Key improvements included computer access in each operatory for immediate access to digital X-rays and availability for improved patient education via CAESY™, and intraoral camera access in each operatory; more space for patient privacy; improved sterilization space for capacity and capability; new dental units for improved staff ergonomics; a closed contained water system for the units to eliminate biofilm risks, with overall greatly improved infection control capabilities such as hands-free sinks and dental chair operations; and a large lab with the intent of incorporating technology such as the CEREC® system, and operating space for staff comfort. The new office logo and décor reflect the Navy influence on both doctors’ lives.
There have been many challenges along the way for Dr. Schwartz in the transition from military dentistry to private practice.
“There is a completely different set of operational rules, especially with treatment planning, providing for the personal preferences and desires of our patients, and dealing with third-party insurance issues,” Dr. Schwartz said.
“The office is located in the heavily populated Rockville, Md., area, where managed care has made significant inroads.
He has found that it is very important to help patients distinguish between their needs and their benefits.
“It hammers home more than ever that, as dental professionals, we are treating the whole patient, not just the mouth, starting with the mind,” Dr. Schwartz said. “We need to fully understand each person who comes to us.”
Dr. Schwartz credits his wonderful group of staff members in helping him meet the new challenges of private practice. He recognizes that each staff member has certain abilities and talents that he or she brings to the practice, and he seeks to fully utilize their capabilities while helping each realize their potential.
“In the Navy, we called this ‘going to the deck plates,’ where we recognize that every ‘crew member’ performs a unique and important part of the mission and is fully recognized and appreciated for their contribution,” he said.
When asked what three words best describe him, Dr. Schwartz related his core values - honor, integrity, and commitment.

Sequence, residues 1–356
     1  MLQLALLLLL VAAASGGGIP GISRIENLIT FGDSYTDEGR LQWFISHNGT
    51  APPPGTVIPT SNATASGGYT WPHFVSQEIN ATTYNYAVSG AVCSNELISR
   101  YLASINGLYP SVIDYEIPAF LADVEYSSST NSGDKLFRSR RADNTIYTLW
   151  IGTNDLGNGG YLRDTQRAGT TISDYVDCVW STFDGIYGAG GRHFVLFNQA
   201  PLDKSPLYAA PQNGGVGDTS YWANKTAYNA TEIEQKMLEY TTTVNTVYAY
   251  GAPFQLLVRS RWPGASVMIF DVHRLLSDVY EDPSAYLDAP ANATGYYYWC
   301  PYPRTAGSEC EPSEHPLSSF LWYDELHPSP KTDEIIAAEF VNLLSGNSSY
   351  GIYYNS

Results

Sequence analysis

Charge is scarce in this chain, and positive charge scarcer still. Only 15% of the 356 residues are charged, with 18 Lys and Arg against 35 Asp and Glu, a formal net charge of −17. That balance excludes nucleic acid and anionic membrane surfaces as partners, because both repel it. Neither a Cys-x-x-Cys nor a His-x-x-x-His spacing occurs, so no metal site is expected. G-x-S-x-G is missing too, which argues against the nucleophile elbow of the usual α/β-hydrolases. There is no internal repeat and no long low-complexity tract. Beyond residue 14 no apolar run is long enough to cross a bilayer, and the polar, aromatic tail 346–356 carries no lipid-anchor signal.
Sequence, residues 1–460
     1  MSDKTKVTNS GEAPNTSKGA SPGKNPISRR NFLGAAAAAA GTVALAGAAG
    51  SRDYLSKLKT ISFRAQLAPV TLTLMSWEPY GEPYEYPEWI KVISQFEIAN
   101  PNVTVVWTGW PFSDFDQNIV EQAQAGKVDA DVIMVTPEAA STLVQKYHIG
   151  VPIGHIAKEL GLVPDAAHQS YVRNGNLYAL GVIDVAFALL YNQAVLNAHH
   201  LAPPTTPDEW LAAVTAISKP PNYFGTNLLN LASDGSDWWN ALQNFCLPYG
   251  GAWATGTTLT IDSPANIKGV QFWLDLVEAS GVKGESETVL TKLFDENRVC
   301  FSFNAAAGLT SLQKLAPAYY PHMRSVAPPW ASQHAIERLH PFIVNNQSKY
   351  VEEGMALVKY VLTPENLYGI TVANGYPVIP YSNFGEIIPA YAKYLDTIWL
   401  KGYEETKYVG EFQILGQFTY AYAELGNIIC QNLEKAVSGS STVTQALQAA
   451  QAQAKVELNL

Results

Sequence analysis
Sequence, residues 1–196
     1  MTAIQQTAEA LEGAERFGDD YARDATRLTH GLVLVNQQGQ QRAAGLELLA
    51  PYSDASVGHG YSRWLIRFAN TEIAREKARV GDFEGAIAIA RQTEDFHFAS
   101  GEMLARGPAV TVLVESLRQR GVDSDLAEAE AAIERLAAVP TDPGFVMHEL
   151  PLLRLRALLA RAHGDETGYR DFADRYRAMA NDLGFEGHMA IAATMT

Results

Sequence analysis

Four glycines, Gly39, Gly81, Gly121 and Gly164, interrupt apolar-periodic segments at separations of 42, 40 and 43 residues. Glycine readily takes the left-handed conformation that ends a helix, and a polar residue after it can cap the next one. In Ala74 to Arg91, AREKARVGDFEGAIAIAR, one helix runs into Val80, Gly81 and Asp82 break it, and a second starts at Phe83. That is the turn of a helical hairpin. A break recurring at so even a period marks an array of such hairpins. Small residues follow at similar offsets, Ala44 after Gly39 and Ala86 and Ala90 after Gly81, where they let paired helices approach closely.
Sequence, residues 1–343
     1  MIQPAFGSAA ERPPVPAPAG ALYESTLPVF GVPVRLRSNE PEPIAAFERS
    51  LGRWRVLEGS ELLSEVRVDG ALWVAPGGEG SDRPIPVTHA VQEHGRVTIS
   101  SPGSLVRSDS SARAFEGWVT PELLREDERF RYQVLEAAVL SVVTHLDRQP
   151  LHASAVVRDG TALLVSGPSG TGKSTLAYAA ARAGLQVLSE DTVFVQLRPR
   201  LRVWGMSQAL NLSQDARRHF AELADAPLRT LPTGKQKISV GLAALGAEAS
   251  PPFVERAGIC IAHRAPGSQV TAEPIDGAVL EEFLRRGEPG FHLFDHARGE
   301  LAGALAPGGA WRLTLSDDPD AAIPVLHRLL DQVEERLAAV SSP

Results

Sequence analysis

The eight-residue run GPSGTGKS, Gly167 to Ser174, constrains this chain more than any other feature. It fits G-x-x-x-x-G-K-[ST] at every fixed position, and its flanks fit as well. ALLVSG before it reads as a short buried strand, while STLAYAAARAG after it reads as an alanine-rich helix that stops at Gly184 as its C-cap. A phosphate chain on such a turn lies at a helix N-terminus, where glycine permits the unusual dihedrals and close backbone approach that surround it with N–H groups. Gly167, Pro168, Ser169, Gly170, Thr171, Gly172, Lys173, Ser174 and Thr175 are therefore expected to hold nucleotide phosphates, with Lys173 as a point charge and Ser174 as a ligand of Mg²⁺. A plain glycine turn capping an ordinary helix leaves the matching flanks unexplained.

“Your word is your word, and people need to know that when you give it, there is no question that they can rely on your personal integrity. I value the little things, and I am especially committed to the health and happiness of my staff members, which translates into the health and happiness of our patients and the highest level of quality care.”
Dr. Schwartz feels his greatest asset is his family and their support.
“Without their support I would be nowhere near as happy and successful as I am,” he said. “The energy that my wife Robyn (an RDH who is very involved in daily practice operations) and three children put into their school and personal projects, as well as supporting and understanding the commitment that private practice requires, inspires me every day!”
Attention to detail is another of Dr. Schwartz’s assets, but he also feels it is probably his greatest weakness as well.
“The Navy made me a firm believer in the delegation of duties, but I still like to know what is going on to the point where sometimes I get wrapped around the axle! I try to stay back when my staff members are ‘at the helm,’” he said.
The part of being a dentist that Dr. Schwartz enjoys the most is the feeling that comes from helping people.
“I feel I relate well to people, whether it is my staff members or my patients. It makes my day when someone expresses his or her appreciation for the dentistry we do here. I truly enjoy my patients and staff members. If we aren’t making others happy, we are missing the point,” Dr. Schwartz said.
Asked what he would change about the way he practices today, Dr. Schwartz said he feels he is probably like most dentists, in that he loves the dentistry but dislikes the distracters, such as administrative paperwork, risk management and liability concerns, and dealing with third-party payment issues.
This is an exciting new season of life for Dr. Schwartz and all his staff members, and the new office is the icing on the cake! This is a special practice with a unique and “seasoned” leader. The ones who will benefit most are the patients.